1.3. What is Debian GNU/Linux?

The combination of Debian's philosophy and methodology and the GNU tools, the Linux kernel, and other important free software, form a unique software distribution called Debian GNU/Linux. This distribution is made up of a large number of software packages. Each package in the distribution contains executables, scripts, documentation, and configuration information, and has a maintainer who is primarily responsible for keeping the package up-to-date, tracking bug reports, and communicating with the upstream author(s) of the packaged software. Our extremely large user base, combined with our bug tracking system ensures that problems are found and fixed quickly.

Debian's attention to detail allows us to produce a high-quality, stable, and scalable distribution. Installations can be easily configured to serve many roles, from stripped-down firewalls to desktop scientific workstations to high-end network servers.

Debian is especially popular among advanced users because of its technical excellence and its deep commitment to the needs and expectations of the Linux community. Debian also introduced many features to Linux that are now commonplace.

For example, Debian was the first Linux distribution to include a package management system for easy installation and removal of software. It was also the first Linux distribution that could be upgraded without requiring reinstallation.

Debian continues to be a leader in Linux development. Its development process is an example of just how well the Open Source development model can work — even for very complex tasks such as building and maintaining a complete operating system.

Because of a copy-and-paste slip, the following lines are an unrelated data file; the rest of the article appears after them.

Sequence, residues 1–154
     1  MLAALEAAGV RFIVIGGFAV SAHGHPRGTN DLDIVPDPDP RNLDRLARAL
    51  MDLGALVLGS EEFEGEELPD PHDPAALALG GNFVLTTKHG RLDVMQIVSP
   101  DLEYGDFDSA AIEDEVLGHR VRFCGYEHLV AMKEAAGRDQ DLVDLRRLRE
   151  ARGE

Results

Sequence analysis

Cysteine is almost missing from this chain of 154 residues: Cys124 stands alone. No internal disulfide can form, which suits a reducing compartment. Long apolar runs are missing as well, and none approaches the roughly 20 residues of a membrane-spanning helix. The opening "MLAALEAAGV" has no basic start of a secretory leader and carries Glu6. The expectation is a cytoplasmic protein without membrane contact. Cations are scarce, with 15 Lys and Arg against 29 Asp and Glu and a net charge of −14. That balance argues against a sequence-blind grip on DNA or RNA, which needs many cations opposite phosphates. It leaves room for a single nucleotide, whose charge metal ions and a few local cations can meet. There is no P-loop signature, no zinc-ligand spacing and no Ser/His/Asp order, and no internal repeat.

The feature that most distinguishes Debian from other Linux distributions is its package management system. These tools give the administrator of a Debian system complete control over the packages installed on that system, including the ability to install a single package or automatically update the entire operating system. Individual packages can also be protected from being updated. You can even tell the package management system about software you have compiled yourself and what dependencies it fulfills.

To protect your system against Trojan horses and other malevolent software, Debian's servers verify that uploaded packages come from their registered Debian maintainers. Debian packagers also take great care to configure their packages in a secure manner. When security problems in shipped packages do appear, fixes are usually available very quickly. With Debian's simple update options, security fixes can be downloaded and installed automatically across the Internet.

The primary, and best, method of getting support for your Debian GNU/Linux system and communicating with Debian Developers is through the many mailing lists maintained by the Debian Project (there are more than 327 at this writing). The easiest way to subscribe to one or more of these lists is visit Debian's mailing list subscription page and fill out the form you'll find there.